Dir. Jay & Mark Duplass
If Jason Segel has one singular talent as an actor, it's his ability to embody several different edges all at once. When he played a young, befuddled high schooler in the beloved TV series "Freaks & Geeks," his character evolved from a perpetually stoned good-time boy into a slightly too intense, off-kilter inveterate, increasingly unable to communicate what he felt inside. Not surprisingly, he is equally adept portraying slick, no-rules rogues and shlubby outsiders. In this way, his shuffling slacker shamble would obviously pair well with the Duplass brothers' patented blend of formless narrative and post-mumblecore insouciance, so it's no surprise to see him fitting so well into the freewheeling ethos of their latest film.
Segal plays the titular character, who does, in fact, live in his mother's Baton Rouge basement, getting stoned, eating snacks and desperately trying to decipher his destiny. A heartfelt acolyte of M. Night Shyamalan's Signs, Jeff tries to stay open to patterns and coincidences, solving the riddles as he ambles through his life. His brother Pat (Ed Helms, sporting an evil-twin goatee), on the other hand, has issues of an entirely different nature. Impetuous and mincing, he belittles his wife, Linda (Judy Greer), and impulsively acts out of supreme selfishness -- as we meet the struggling couple, he's trying to break the news to her that he took the money they were saving for a house and bought a Porsche instead. The two boys are overseen by their bedraggled mother, Sharon (Susan Sarandon), who spends her day working listlessly in her office until a secret admirer makes their presence felt in her cubicle. The three members of the family spend this remarkable day each following their individual destinies until they all happen to converge together at once.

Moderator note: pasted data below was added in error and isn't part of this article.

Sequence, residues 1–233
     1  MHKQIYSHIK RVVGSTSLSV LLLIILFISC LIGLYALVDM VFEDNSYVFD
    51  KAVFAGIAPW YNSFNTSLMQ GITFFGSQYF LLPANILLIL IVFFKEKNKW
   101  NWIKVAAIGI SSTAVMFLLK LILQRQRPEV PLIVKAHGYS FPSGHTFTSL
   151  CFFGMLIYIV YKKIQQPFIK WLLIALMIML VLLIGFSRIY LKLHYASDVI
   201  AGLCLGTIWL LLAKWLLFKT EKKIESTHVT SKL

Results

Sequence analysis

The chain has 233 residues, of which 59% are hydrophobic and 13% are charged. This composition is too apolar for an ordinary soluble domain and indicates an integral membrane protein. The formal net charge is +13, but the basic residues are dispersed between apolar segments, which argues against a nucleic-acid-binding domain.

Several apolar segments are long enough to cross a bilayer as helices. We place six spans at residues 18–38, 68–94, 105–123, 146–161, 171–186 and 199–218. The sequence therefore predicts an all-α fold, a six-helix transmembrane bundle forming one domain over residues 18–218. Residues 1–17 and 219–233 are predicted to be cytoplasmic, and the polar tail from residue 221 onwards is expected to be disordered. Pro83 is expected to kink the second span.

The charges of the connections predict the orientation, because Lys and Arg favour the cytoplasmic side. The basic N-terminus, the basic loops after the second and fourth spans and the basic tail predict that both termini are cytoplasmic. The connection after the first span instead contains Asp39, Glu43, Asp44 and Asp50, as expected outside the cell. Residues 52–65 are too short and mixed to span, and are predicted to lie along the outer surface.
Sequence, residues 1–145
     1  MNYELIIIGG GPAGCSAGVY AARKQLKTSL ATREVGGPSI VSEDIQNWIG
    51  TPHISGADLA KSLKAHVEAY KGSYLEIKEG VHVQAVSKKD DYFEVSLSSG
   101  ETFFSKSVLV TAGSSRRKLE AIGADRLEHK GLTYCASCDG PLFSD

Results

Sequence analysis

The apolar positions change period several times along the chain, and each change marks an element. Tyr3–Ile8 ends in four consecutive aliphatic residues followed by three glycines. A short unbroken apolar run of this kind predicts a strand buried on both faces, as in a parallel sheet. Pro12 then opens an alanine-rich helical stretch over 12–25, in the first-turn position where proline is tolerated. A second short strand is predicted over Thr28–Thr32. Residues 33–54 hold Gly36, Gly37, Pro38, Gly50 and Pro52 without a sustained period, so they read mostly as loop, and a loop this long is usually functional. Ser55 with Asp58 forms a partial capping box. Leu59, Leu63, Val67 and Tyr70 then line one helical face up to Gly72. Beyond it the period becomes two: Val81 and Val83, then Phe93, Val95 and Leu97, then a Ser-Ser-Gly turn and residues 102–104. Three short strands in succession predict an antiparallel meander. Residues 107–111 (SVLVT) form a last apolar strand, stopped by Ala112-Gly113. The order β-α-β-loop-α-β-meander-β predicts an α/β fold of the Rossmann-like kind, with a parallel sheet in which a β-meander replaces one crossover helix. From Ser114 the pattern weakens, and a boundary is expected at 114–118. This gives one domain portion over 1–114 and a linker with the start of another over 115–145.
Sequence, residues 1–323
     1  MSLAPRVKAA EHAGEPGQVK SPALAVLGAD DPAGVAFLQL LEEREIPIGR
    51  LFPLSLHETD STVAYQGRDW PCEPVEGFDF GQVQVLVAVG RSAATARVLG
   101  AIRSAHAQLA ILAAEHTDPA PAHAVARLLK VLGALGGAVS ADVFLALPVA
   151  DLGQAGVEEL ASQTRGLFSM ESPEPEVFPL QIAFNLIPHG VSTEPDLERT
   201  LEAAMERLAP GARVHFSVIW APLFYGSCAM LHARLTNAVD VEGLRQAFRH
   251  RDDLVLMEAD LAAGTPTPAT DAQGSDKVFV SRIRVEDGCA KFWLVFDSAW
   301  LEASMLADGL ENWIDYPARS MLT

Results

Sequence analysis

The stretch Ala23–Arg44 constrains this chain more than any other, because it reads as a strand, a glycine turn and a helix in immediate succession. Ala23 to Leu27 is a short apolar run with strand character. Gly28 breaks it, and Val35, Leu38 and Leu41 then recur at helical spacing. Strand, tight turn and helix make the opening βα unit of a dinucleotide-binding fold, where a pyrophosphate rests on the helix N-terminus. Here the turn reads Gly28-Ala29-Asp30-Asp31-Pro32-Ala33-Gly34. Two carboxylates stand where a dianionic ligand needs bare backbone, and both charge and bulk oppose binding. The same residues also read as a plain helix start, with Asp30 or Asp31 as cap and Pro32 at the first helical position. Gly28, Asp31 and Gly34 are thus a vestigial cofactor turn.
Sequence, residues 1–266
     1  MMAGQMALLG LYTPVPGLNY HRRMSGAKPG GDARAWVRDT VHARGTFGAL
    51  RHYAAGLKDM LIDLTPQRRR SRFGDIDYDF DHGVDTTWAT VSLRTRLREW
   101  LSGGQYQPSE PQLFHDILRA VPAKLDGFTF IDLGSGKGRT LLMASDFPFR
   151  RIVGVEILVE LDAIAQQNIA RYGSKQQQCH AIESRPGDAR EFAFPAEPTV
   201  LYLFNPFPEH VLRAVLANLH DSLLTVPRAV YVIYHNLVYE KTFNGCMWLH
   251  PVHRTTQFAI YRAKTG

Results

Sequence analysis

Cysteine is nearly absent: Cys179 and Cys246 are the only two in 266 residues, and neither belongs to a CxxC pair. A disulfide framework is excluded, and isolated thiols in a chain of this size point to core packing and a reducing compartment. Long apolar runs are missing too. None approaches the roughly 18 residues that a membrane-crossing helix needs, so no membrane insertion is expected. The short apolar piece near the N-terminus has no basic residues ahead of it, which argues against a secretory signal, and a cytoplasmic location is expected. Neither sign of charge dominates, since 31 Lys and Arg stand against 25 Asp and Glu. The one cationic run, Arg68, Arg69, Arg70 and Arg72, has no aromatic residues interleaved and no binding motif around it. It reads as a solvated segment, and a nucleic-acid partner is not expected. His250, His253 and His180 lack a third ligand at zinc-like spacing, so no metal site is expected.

The Duplass brothers, Jay and Mark, have a way of teasing out the complexity in their characters, even as they act out of a seemingly never-ending series of idiocies. Jeff, for all his stoned quasi-metaphysics, is actually just a sweet-minded and egoless fellow, convinced for all the world that the universe works from a sweetly familiar road map; Pat, confronted with the distinct possibility of his wife having an affair, finally breaks through his incessant put-downs and petulant interruptions to actually hear what people are trying to say to him; meanwhile Sharon is forced into actually believing in forces beyond her immediate understanding. As a comedy, the movie moves easily through its shaggy-dog-ness, creating a simplified world in which all things happen at once. If there's a deeper message, as the ending of film would seem to suggest, it's not exactly hard-earned, but, in a way, there's something entirely fitting about that.